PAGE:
MCC looks at several elements in choosing selection indicators. The agency favors indicators that:
- Are developed by an independent third party,
- Have an analytically rigorous methodology and utilize objective, high-quality data,
- Are publicly available,
- Have broad country coverage,
- Are comparable across countries,
- Are policy-linked, measuring factors that governments can influence,
- Have a clear theoretical or empirical link to economic growth and poverty reduction,
- Are appropriately consistent in results from year to year
This table lists the indicators used to determine country eligibility for MCC program assistance.
Use of Supplemental Information
MCC’s Board of Directors may also consider other quantitative and qualitative information in making country eligibility decisions. The Board uses supplemental information to enhance its understanding of a country’s policy performance relative to its peers and MCC’s ability to reduce poverty and generate economic growth in a country.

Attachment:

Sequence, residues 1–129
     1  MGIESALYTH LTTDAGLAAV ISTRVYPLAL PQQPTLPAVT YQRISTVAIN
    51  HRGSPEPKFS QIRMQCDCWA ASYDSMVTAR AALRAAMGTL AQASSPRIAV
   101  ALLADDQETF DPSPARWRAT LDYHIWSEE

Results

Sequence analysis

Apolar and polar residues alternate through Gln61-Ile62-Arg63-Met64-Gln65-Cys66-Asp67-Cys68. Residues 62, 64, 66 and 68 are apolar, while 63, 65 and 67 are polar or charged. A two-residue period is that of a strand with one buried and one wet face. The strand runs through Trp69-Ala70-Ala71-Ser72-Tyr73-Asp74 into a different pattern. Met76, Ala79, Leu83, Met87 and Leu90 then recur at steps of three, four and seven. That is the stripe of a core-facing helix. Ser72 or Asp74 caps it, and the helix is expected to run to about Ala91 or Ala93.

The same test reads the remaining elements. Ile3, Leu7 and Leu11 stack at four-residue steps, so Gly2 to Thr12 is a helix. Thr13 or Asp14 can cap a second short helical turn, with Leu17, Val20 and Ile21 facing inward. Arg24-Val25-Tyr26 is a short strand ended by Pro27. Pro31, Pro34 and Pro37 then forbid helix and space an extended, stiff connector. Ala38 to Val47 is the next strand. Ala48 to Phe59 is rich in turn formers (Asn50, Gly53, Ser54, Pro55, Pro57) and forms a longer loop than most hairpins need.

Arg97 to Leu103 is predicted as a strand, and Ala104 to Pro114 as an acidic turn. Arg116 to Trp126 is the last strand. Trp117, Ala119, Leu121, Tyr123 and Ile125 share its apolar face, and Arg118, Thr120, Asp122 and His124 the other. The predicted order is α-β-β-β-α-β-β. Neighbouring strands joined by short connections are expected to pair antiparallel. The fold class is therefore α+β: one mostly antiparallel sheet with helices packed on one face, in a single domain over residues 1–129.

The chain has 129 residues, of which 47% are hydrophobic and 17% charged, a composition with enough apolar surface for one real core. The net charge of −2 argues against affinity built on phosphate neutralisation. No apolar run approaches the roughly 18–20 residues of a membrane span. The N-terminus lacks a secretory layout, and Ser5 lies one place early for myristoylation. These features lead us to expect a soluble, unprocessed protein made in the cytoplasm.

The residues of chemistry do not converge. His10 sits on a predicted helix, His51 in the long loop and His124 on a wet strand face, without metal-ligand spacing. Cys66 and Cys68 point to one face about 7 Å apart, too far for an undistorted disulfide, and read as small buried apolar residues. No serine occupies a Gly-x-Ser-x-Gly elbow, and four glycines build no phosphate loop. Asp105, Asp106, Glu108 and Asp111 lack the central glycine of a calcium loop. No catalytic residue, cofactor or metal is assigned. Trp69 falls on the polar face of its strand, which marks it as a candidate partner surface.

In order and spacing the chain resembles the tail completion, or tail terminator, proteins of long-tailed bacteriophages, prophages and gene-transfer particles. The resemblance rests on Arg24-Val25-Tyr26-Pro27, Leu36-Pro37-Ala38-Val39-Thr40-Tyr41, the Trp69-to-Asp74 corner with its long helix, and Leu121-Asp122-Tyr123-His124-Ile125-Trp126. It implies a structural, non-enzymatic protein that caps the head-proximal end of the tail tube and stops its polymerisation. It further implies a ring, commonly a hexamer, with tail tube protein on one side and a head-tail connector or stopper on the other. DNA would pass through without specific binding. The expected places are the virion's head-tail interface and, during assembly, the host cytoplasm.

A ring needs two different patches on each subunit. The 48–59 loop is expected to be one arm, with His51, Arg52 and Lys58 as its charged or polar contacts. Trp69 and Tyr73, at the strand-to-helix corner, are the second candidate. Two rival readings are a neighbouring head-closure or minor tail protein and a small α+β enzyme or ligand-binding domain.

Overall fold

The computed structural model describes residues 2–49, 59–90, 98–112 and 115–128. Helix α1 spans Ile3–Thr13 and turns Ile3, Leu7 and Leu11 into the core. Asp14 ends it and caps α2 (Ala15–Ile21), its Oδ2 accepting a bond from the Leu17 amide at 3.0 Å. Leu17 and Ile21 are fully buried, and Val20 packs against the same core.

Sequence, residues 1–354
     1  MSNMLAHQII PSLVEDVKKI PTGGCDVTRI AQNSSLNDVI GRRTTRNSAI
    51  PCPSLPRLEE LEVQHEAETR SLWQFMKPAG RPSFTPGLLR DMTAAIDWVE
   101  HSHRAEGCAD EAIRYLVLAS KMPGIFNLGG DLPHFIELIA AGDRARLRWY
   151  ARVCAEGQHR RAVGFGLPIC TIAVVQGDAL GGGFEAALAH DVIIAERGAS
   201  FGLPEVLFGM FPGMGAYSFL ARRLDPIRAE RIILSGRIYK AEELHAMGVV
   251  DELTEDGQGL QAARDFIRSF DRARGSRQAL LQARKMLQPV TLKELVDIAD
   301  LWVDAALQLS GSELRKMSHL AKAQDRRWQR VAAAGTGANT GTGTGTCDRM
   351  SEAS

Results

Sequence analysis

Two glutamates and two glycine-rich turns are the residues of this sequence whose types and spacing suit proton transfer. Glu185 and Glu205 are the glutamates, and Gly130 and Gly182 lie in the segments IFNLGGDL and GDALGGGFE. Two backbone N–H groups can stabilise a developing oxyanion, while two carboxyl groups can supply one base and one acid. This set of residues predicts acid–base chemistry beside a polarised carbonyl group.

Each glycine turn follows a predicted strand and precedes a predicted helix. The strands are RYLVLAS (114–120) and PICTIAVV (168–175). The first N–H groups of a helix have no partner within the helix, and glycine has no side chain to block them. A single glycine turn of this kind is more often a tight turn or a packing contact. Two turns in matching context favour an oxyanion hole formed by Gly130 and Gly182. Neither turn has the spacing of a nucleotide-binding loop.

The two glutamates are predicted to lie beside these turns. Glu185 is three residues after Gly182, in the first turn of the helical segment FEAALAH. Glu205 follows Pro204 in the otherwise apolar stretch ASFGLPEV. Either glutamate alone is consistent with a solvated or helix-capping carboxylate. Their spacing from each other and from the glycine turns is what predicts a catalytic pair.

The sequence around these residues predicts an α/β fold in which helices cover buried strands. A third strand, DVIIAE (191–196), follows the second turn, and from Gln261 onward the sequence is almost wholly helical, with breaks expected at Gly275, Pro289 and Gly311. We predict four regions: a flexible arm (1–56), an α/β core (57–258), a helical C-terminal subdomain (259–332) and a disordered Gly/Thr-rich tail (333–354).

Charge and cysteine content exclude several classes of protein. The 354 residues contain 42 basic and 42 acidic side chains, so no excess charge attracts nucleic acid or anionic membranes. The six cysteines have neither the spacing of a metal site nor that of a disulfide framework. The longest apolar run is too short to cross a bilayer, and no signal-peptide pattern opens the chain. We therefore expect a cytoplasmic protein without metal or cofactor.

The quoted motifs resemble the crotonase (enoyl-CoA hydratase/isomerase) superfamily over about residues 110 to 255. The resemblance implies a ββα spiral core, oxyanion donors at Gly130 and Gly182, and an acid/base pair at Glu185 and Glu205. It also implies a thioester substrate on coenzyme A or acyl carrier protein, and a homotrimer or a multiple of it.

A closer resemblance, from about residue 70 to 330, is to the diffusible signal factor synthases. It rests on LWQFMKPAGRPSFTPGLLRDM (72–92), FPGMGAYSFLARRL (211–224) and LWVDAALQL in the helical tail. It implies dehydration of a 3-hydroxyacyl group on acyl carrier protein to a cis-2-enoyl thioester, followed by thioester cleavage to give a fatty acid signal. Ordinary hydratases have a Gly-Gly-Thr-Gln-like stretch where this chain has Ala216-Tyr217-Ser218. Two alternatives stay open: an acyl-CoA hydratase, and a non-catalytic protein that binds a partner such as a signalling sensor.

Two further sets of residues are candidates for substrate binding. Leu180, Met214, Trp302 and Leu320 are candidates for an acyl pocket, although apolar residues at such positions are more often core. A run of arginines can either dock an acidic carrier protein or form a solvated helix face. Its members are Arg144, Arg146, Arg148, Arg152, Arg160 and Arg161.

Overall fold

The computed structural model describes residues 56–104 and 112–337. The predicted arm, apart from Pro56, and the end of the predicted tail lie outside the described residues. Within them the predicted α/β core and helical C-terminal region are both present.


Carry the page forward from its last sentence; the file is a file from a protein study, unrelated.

There are elements of the eligibility criteria set out in MCC’s legislation for which there is either limited quantitative information or no well-developed performance indicator. In these cases MCC may turn to supplemental sources for assessments of these policy issues. In addition, the board may consider whether there are data gaps or lags in particular indicators that can be addressed by supplemental information.
Supplemental information used by MCC may include (but is not limited to) reports like:
- The U.S. Department of State’s Human Rights Report
- The U.S. Department of State’s Trafficking in Persons Report
- Transparency International’s Corruption Perceptions Index
- Bertelsmann Transformation Index Report
- Freedom House’s Freedom in the World Report
- The World Bank’s World Development Indicators
- The World Bank’s Doing Business Report
- The World Economic Forum’s Global Competitiveness Report